The New York Times

Airborne

“Washington Black”

By Esi Edugyan

334 pages. Alfred A. Knopf. $26.95

When the novel “Washington Black” opens, it is 1830 and the young George Washington Black, who narrates his own story, is a slave on a Barbados sugar plantation called Faith, protected, or at least watched over, by an older woman, Big Kit. As a new master takes charge, the fear is palpable. The accounts of murders and punishments and random cruelties are chilling and unsparing. Big Kit can see no way out except death: “Death was a door. I think that is what she wished me to understand. She did not fear it. She was of an ancient faith rooted in the high river lands of Africa, and in that faith the dead were reborn, whole, back in their

This article originally appeared in .

You're reading a preview, sign up to read more.

More from The New York Times

The New York Times5 min readPsychology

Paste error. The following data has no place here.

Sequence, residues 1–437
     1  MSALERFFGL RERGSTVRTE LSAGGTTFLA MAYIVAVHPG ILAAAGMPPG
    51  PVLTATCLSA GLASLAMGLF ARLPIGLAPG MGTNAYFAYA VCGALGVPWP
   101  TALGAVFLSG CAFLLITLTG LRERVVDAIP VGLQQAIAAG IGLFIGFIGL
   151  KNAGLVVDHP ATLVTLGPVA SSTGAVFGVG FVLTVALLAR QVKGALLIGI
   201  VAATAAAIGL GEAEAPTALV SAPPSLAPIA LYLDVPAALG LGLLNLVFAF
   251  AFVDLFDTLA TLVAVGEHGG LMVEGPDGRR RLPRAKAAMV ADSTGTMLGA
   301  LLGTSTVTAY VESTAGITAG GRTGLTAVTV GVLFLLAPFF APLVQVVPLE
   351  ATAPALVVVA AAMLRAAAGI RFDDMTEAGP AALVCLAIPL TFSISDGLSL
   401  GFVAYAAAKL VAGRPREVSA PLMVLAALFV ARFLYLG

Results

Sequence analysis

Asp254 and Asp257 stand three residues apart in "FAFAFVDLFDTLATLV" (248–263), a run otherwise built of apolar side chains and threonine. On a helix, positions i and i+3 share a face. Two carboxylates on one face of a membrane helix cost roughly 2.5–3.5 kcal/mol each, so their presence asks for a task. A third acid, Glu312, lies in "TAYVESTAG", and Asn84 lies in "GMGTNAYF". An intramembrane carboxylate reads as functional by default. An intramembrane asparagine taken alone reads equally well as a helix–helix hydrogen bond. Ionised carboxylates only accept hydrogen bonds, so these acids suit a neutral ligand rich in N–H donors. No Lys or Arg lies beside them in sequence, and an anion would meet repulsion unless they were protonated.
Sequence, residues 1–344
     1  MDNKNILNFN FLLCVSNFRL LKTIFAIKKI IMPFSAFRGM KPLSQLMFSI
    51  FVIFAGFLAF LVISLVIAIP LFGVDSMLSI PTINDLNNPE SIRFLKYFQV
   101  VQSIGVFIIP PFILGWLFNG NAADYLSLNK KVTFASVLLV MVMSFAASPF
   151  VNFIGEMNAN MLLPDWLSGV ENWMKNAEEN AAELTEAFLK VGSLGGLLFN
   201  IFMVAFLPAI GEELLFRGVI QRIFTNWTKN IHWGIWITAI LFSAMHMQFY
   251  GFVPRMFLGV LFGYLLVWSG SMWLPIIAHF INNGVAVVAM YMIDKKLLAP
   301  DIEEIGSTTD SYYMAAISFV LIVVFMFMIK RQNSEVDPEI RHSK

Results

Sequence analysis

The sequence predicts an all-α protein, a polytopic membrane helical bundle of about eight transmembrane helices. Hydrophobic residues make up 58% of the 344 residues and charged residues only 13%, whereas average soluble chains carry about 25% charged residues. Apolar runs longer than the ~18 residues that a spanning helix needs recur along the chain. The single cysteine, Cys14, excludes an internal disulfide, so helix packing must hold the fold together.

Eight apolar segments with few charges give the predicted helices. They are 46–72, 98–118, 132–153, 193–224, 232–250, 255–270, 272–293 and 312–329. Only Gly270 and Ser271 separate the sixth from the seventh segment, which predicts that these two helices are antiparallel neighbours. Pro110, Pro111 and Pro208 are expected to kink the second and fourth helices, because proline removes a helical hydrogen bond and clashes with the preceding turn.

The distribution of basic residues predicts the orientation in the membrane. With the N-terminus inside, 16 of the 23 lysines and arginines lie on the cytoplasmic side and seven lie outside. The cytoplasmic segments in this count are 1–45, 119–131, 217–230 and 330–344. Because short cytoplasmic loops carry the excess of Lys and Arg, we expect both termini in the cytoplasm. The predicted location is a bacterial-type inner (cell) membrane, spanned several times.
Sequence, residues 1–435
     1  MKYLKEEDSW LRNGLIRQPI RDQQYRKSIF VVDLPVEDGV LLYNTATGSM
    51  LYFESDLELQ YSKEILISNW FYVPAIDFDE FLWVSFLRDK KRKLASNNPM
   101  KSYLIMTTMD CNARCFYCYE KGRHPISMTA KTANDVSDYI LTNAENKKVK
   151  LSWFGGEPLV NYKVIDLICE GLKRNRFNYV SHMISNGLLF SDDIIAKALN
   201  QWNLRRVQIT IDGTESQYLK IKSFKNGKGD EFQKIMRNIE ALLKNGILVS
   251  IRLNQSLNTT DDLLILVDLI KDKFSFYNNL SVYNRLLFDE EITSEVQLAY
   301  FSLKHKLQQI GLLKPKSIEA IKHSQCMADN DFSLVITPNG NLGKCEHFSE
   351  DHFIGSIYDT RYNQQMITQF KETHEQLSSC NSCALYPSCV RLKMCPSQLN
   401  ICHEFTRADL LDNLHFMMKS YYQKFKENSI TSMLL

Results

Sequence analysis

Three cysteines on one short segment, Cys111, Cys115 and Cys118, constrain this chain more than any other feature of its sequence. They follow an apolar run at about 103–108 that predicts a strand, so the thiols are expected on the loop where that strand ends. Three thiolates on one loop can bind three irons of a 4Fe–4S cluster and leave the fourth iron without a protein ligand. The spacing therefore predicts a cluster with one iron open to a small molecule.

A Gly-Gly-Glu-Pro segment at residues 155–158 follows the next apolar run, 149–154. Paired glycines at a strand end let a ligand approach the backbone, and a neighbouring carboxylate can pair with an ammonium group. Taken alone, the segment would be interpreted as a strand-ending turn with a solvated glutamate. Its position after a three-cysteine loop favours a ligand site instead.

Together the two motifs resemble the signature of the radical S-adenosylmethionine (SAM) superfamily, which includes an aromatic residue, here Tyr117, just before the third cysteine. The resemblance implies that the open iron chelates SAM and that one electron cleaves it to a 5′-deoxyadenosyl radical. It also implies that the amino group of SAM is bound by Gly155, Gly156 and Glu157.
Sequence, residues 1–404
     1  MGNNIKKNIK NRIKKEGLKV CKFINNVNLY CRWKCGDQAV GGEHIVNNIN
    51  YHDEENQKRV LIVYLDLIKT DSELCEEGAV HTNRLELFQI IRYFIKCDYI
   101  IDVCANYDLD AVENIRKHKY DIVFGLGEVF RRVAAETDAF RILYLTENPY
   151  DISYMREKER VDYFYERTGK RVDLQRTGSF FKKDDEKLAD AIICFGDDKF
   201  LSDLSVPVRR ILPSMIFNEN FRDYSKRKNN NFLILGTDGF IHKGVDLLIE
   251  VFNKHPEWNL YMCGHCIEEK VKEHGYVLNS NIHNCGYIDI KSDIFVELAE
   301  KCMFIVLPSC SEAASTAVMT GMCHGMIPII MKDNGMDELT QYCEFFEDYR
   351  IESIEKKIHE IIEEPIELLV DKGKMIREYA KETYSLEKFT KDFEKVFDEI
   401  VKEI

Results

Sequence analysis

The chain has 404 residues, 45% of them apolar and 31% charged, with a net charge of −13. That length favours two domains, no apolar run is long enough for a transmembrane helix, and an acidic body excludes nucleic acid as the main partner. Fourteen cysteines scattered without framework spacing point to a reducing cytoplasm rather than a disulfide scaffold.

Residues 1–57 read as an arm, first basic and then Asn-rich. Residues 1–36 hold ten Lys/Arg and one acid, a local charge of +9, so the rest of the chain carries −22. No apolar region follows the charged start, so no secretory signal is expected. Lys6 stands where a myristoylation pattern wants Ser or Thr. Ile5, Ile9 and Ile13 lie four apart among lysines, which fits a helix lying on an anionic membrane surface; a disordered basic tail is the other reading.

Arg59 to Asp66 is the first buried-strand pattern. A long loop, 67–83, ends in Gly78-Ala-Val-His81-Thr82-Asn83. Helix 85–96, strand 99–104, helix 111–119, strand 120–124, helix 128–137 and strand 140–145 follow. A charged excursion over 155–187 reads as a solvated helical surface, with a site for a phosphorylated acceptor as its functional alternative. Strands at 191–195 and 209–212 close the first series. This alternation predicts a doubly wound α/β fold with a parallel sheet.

Becoming a Digital Grandparent
When it comes to warnings about limiting kids’ screen time, grandparents are, well, grandfathered in. Emerging from a theater on a recent Sunday, I turned on my phone and found a flurry of texts from my daughter. My 2-year-old granddaughter had just
The New York Times6 min readScience
Intermittent Fasting Made My Life Easier, and Happier
I could eat the foods I enjoyed and most of my regular meals, but it had to be within a short time frame of eight to 10 hours. At the urging of doctor friends and a few popular books, I embarked on a diet plan earlier this year called intermittent fa
The New York Times4 min read
6 Simple Barre Stretches to Try on Vacation
No matter where you are in the world, you can always find something to lean on so you can stretch your muscles. Traveling — even for fun — can be tough on our bodies. Hours spent in airline seats, heavy meals and long stretches of touristy walking or